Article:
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Flight in February

Flight in February

By: Philip Kraske
Publisher: Eyestorms Books
Publication Date: February 2010
ISBN: 978-0986520303
Reviewed by: Deb Fowler
Review Date: November 2010

Marcus Aaron Strenk was through with counting sticks on a wall. He was out, out, out, but still had to contend with the blizzard swirling around him. He need only cross the road in front of him and he would be a free man, forever free from the depressing prison life in Stillwater, Minnesota. It was an underground prison from which escape was considered to be an impossibility, but “In fact, he had always been working toward escape, from the moment they photographed him for the mug shot . . . ” (pg. 96) He had been observing, waiting and watching for twenty months and the time had come. It was a fire and ice escape from a prison he never should have been in. He slowly collected the trash, placing little, seemingly inconsequential bits of material in the bin. Marcus slowly moved toward the open door. He knew that there were “intervals between bursts of flame” and hesitated. He suddenly disappeared from sight and plunged into the furnace below.

Buck Higbee was the last man to see Marcus alive. His rotund cellmate was devastated when a suicide note was found. It was Deputy Marshall Henry Scott’s call now, but after reviewing the video tapes there was definitely something amiss. Alec Barkley and Carlton Klinger, a couple of brazen, overly self-assured FBI agents insisted on putting the case to rest immediately. Suicide. “On the night of Wednesday, February ninth, Inmate Marcus Aaron Strenk took his life in an utterly unusual and dramatic manner, which has the profoundest ramifications for security personnel nationwide. ” (pg. 30) Yet these high mucky mucks found with eighty-five percent certainty there were no human remains in the furnace. Henry was forced to sign off the case declaring that Strenk had thrown himself into that furnace never to return, but the grating had been eaten away by acid and something about those videos didn’t look quite right.

No, nothing looked right or was right. Marcus, a one time cocaine trafficker for Billy DeMayo, “The great cocaine kingpin,” didn’t warrant this kind of attention. Henry looked at the agents and said, “Well, if this is all so simple, may I ask why two valuable Washington narcotics agents are here taking up the taxpayers’ money?” (pg. 166) Indeed. Mookie Morton, another inmate, began to sweat it when a postcard arrived from the outside addressed to Buck. Marcus let them all know he was alive and moving. The Sixto drug cartel began to take action and hammer on the DeMayo organization. The Invisible Hand, “representatives of a Mexican drug cartel,” were surfacing, making themselves known. The more Henry looked, the stranger the scene appeared. There was a hundred-thousand-dollar reward for Strenk that suddenly surfaced and he began to spout, “One day they’re ramming a suicide report down my throat, the next they’ve got the guy on the Ten Most Wanted List!” (pg. 237). What was Operation-Whiteout? Why was everyone so interested in this little punk? Everyone from the lowlife gangs in the prison to the top agents in the FBI were unsettled, but why?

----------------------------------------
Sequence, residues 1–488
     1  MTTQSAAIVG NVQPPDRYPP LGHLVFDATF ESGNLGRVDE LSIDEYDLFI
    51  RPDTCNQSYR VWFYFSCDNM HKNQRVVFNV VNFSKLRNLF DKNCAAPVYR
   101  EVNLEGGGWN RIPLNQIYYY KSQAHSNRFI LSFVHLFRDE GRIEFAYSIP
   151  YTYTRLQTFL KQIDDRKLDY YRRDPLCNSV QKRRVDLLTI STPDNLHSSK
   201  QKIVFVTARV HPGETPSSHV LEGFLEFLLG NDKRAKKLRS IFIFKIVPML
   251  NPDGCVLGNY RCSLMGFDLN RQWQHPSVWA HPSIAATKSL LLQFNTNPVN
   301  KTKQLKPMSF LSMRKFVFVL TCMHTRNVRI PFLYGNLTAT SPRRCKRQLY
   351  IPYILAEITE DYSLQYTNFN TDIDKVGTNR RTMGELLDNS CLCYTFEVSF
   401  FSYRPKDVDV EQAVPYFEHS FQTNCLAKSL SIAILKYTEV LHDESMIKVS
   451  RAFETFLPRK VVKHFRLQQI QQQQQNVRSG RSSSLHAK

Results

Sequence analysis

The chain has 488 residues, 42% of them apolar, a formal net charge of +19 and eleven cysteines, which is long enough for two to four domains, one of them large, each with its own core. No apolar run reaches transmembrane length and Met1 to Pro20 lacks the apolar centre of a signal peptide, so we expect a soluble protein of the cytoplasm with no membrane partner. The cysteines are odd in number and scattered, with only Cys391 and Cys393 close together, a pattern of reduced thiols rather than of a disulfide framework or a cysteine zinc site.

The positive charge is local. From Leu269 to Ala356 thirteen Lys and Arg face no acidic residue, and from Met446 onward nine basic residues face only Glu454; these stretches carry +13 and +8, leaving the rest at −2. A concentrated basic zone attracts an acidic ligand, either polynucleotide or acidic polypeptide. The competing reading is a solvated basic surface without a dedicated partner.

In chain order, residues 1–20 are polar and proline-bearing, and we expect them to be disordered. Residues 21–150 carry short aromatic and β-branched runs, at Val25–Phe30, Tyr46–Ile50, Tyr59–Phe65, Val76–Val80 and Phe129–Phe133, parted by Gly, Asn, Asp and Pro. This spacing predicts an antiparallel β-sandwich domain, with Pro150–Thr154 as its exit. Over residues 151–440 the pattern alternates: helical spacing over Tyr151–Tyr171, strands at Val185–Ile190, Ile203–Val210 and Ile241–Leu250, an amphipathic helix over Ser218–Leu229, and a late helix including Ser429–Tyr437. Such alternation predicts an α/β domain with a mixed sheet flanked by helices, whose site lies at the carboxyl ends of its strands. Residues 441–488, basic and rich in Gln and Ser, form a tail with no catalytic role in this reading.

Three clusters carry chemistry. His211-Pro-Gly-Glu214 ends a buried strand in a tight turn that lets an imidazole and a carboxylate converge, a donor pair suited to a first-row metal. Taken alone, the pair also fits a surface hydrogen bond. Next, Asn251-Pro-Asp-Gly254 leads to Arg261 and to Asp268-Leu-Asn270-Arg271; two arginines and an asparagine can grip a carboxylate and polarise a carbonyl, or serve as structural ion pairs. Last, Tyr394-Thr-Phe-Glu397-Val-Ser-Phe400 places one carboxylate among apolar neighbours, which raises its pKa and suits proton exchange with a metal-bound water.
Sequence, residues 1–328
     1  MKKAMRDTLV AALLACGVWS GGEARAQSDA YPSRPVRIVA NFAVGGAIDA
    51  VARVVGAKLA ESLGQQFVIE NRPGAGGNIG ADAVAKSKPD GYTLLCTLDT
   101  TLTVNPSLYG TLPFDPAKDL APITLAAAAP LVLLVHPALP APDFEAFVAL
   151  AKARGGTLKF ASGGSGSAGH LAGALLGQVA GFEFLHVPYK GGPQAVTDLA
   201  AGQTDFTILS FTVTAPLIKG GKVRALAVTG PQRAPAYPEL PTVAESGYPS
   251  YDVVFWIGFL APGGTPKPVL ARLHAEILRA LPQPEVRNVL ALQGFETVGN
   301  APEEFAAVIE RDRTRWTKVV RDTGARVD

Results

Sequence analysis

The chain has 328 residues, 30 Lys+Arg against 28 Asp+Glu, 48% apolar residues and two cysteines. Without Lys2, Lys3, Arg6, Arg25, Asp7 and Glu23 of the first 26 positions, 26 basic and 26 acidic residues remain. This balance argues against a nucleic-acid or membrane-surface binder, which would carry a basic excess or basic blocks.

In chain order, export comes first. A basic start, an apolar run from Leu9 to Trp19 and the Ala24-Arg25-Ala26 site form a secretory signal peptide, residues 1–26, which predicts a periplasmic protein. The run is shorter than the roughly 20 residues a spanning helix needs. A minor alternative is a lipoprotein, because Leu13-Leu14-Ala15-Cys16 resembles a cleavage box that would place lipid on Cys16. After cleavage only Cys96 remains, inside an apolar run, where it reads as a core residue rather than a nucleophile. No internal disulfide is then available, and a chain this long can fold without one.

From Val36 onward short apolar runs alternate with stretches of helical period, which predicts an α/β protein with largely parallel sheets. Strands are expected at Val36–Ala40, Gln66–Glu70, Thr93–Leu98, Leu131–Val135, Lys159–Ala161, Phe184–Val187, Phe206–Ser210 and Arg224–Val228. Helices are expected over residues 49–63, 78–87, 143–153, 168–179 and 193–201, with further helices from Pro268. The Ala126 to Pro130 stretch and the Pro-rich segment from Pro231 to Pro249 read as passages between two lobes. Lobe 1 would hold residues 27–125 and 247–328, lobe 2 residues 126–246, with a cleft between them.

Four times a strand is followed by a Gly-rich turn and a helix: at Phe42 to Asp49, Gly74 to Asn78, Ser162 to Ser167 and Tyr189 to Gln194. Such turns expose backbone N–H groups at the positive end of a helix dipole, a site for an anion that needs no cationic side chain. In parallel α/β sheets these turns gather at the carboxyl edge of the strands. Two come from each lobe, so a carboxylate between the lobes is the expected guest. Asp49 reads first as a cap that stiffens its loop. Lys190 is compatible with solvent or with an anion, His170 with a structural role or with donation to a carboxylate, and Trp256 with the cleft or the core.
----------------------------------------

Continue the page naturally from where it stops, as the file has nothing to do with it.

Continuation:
This fabulously complicated cliffhanger is the type of speculative thriller that the best of movies are made of. It is not molded in the Hitchcock genre, but rather that of Harrison Ford, an action-packed book that almost makes the pages perspire as the reader tries to figure out what will happen next. The subtle changes in the plot made me shift my sympathies toward Marcus and question whose side he was on more than once. This is a solid thriller, one that I picked up and put down, continually savoring the read. The reader will be hooked from the start when we see Marcus crawling through a blizzard with only a few feet between him and his freedom. The superbly crafted writing takes us through many highs and lows and we never quite know why such a peon as Marcus Strenk is the linchpin that holds everything together until the end, when everything falls into place. One of the more amazing things about this plot is the plausibility factor. Could this really happen? You’ll have to decide for yourself.

Quill says: If you like your books full of action, drama, mystery, and suspense, you need look no further than Flight in February. It’s a firecracker thriller from beginning to end . . . you never quite know what’s going to explode from one page to the next!

For more informatiion on Flight in February, please visit the author's website at:

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